BOMBOGENESIS (a rapidly intensifying storm) will take place Tuesday afternoon off the Virginia coast.
Computer models had an extreme reversal on the intensity and track of this storm over the last 24-36 hours, and that’s why snow amounts were jacked up Monday as computer models came late to the snow party.
Hinting started to take place late Sunday as my forecast called for a significant storm for some with 4+ inches of snow possible across parts of New Jersey. But a big uptick in moisture being fed into the storm combined with a piece of the polar vortex sending another package of severe cold. This time, it gets pulled into the storm’s circulation leading to rapid intensification and high snow ratios.
Normally we receive a 10-1 ratio, with one inch of liquid equaling 10 inches of snow, but in this case we have an overall ratio of 13-1, to as much as 15-1, meaning more snow with less liquid.
According to the group’s website, it takes seven days to reach the Philadelphia Boathouse Row from their launch site in Schuylkill Haven. The canoeists and kayakers paddle between 14 and 18 miles a day, stopping for lunch, then camping overnight.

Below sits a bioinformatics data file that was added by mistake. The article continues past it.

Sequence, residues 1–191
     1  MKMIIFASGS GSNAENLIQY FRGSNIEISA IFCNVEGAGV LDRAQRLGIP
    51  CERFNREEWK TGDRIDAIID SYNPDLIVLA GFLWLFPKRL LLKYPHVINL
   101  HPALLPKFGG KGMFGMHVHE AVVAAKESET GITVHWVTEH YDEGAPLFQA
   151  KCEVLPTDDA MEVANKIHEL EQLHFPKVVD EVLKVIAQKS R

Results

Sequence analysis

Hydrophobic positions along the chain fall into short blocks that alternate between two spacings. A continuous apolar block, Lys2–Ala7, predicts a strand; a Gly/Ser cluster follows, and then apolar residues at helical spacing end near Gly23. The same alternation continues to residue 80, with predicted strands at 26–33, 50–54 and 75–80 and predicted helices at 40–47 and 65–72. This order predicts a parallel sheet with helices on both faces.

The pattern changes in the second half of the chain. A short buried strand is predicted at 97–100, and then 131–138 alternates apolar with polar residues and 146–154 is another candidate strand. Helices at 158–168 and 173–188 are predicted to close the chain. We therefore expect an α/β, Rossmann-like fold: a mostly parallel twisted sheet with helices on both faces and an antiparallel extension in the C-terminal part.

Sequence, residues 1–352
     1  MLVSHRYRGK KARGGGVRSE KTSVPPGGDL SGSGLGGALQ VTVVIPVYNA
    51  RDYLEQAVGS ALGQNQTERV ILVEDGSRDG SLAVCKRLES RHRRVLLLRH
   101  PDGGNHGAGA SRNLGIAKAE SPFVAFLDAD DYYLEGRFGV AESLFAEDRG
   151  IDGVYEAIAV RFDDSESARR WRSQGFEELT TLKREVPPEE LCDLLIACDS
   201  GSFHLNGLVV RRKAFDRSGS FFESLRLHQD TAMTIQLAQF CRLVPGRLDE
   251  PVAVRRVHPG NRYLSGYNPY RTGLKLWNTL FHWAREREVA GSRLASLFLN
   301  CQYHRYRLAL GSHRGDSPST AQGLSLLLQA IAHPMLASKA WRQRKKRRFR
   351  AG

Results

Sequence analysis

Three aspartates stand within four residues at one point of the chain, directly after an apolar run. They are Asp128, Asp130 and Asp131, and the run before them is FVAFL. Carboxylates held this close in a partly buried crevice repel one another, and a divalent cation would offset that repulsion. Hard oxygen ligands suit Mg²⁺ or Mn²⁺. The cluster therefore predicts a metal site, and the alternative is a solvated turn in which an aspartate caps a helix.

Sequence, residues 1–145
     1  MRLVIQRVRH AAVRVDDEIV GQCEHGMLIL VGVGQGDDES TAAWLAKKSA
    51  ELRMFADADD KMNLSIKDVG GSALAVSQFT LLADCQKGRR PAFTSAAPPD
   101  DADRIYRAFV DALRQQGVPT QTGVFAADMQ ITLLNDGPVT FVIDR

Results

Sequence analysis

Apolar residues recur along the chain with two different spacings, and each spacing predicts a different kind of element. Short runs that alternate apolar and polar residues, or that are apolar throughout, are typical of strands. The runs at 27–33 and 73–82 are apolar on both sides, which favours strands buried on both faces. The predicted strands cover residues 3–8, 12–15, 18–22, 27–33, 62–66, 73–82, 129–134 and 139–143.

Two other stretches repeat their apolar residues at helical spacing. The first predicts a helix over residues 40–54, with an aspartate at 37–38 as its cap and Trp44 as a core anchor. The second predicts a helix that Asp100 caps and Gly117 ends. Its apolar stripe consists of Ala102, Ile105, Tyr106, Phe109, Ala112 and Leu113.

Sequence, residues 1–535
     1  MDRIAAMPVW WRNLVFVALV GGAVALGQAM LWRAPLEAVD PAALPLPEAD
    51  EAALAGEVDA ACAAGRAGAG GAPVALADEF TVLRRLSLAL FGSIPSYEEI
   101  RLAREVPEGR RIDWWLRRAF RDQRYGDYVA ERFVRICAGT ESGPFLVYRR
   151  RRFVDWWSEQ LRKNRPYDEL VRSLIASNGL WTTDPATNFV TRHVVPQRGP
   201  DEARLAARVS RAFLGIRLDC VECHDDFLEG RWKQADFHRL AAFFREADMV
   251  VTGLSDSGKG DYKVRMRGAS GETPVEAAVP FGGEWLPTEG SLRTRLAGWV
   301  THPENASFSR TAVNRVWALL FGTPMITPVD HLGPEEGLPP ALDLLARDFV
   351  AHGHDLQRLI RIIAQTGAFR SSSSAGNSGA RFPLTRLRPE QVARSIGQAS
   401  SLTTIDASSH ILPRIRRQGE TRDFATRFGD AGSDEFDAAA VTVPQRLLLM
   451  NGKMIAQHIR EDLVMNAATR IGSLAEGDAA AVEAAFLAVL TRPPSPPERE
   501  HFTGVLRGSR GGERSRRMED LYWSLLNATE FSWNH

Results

Forecasters are expecting a slushy accumulation Tuesday. The snow, expected to amount to 1 to 2 inches, should start between midnight and 4 a.m. and end during the afternoon, said Mike Pigott of AccuWeather near State College.
But it’s not likely to stick around.
“A lot of it will actually melt on the roadways, but there could be a slushy coating,” Pigott said.
(Updated at 1:13 p.m.)MIAMI — Isaac became a hurricane Tuesday that could flood the coasts of four states with storm surge and heavy rains on its way to New Orleans, where residents hunkered down behind levees fortified after Katrina struck seven years ago this week.
Shelters were open for those who chose to stay or missed the chance to get away before the outer bands of the large storm blow ashore ahead of a forecast landfall in southeast Louisiana on Tuesday night or early Wednesday. However, with the exception of some low-lying areas, officials had not ordered mass evacuations.
In Houma, a city southwest of New Orleans, people filled a municipal auditorium-turned-shelter. However, in the bayou country of Terrebonne Parish off Highway 24, storms pose a perennial dilemma for those living a hardscrabble life.